JPL-Caltech, CXC/SAO and NASA
Giant stars are slightly off-kilter as they go kablooey, research in the Feb. 20 Nature suggests.
When massive stars run out of elements to fuse in their core, they collapse under their own gravity; the imploding material then bounces off the core and explodes in a bright display known as a core-collapse supernova. But computer simulations indicate that if material collapses symmetrically, as scientists long assumed, a star would not explode.
To address this conundrum, a team including Caltech astrophysicist Brian Grefenstette pointed NASA’s recently launched Nuclear Spectroscopic Telescope Array at Cassiopeia A, the remnant of a nearby core-collapse supernova whose light first reached Earth about 350 years ago. The researchers plotted the spatial distribution of high-energy X-rays emitted during the decay of the radioactive element titanium-44, which is forged in the depths of supernova explosions.
The X-rays revealed that the titanium is concentrated in several dense clumps, which suggests that the explosion was not symmetrical. The study offers an unprecedented look at a supernova’s inner workings, Grefenstette says, bringing scientists closer to learning exactly how these spectacular cosmic fireworks get set off.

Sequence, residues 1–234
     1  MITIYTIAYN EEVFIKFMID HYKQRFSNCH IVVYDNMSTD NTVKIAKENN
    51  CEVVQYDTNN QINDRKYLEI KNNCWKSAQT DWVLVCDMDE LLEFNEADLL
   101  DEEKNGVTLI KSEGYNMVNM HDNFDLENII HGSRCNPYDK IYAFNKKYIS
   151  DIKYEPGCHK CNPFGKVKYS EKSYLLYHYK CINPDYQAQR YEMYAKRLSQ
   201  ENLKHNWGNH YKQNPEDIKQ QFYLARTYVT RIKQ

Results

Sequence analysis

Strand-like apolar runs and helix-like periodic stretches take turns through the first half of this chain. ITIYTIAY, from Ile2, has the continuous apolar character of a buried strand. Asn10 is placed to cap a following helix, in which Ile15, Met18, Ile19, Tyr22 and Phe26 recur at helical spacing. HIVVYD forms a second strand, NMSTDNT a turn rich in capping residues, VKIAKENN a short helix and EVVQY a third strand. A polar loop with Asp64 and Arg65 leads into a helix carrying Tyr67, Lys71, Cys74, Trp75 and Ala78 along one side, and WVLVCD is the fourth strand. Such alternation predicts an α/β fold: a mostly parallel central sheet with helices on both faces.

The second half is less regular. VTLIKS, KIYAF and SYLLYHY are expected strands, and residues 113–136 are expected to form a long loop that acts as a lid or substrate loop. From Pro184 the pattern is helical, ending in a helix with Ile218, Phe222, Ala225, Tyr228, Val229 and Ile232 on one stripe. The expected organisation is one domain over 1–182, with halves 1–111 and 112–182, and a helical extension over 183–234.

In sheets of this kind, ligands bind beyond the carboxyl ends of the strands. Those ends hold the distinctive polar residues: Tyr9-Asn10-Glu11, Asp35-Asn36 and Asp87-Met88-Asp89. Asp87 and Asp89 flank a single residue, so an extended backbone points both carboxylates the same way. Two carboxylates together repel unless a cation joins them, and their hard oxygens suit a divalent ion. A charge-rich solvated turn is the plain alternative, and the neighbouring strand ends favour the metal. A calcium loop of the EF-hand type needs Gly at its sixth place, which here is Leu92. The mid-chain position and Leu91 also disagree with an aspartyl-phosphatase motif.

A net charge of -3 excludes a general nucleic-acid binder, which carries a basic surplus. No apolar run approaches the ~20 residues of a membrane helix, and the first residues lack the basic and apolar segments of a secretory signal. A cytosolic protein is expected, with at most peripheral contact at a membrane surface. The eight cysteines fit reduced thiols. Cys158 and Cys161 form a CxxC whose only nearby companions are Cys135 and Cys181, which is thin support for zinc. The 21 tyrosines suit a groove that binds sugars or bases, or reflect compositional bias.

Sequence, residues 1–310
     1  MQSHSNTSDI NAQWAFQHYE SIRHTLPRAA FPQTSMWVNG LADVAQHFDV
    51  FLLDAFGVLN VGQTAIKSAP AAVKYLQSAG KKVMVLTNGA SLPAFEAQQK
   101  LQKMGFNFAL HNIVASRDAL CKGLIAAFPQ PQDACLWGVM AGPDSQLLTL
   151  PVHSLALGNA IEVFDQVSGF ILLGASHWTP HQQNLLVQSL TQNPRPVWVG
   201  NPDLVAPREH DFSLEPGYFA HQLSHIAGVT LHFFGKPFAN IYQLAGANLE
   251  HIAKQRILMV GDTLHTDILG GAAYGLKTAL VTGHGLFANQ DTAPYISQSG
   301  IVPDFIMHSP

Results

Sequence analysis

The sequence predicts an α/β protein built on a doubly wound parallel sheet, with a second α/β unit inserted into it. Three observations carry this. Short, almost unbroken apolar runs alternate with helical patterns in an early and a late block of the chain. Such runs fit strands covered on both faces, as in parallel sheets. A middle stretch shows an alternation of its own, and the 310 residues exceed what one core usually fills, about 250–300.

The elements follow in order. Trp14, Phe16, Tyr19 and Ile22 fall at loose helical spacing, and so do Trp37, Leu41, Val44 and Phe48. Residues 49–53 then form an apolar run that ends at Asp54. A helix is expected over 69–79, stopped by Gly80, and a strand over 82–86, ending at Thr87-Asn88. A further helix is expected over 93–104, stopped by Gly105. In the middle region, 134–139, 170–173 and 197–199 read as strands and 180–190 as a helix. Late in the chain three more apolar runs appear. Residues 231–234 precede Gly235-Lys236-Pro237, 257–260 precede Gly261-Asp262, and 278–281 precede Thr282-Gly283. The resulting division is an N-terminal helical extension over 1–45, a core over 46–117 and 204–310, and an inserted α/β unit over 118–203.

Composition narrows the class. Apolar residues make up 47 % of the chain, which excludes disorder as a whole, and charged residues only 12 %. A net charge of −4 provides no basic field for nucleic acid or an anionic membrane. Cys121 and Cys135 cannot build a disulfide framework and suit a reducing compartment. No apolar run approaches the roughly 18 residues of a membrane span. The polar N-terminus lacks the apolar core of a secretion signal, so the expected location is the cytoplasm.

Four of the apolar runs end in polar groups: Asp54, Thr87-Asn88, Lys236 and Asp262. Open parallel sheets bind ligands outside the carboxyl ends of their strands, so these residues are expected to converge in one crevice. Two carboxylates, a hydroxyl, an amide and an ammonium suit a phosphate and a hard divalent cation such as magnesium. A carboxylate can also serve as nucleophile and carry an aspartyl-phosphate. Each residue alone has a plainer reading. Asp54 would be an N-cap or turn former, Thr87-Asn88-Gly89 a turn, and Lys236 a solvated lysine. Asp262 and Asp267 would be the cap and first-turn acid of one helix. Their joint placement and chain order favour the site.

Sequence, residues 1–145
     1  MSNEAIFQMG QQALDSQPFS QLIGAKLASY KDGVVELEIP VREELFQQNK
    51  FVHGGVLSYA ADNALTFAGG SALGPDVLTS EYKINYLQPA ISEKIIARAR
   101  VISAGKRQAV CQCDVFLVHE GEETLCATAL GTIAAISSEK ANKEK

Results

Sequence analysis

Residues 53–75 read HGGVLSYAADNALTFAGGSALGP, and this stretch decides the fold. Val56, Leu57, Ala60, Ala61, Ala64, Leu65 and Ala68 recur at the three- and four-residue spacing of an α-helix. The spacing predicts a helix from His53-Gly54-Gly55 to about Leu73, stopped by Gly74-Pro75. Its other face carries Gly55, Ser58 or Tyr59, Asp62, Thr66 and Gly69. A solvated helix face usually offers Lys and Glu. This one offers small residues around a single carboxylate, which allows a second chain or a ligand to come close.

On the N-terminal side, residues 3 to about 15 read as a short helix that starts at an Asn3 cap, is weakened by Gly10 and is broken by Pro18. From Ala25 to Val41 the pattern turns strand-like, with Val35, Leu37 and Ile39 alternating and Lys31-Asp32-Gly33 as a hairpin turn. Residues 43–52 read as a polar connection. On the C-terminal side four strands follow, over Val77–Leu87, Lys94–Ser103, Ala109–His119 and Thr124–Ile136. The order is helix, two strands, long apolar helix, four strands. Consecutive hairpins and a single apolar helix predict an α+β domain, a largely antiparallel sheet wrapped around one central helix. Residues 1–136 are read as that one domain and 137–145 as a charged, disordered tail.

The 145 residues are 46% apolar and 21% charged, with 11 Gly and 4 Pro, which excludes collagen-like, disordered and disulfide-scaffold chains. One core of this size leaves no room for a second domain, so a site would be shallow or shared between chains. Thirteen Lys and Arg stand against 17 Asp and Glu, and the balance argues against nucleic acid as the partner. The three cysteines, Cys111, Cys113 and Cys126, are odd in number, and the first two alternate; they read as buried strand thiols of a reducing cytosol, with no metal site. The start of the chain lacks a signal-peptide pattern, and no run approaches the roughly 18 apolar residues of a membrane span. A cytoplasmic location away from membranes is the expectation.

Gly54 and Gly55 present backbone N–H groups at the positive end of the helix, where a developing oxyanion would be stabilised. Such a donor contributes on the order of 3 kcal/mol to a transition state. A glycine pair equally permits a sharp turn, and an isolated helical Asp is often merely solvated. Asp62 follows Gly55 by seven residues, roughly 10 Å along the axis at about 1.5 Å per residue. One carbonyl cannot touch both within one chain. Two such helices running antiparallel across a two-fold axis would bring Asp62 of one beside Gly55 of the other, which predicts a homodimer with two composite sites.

B.W. Grefenstette et al. Asymmetries in core-collapse supernovae from maps of radioactive 44Ti in Cassiopeia A. Nature. Vol. 506, February 20, 2014, p. 339. doi: 10.1038/nature12997.
A. Grant. Kepler’s surprise: Planet hunter also found supernovas. Science News. Vol. 185, February 22, 2014, p. 12.
A. Grant. American Physical Society meeting. Science News. Vol. 183, May 18, 2013, p. 11.
Note: To comment, Science News subscribing members must now establish a separate login relationship with Disqus. Click the Disqus icon below, enter your e-mail and click “forgot password” to reset your password. You may also log into Disqus using Facebook, Twitter or Google.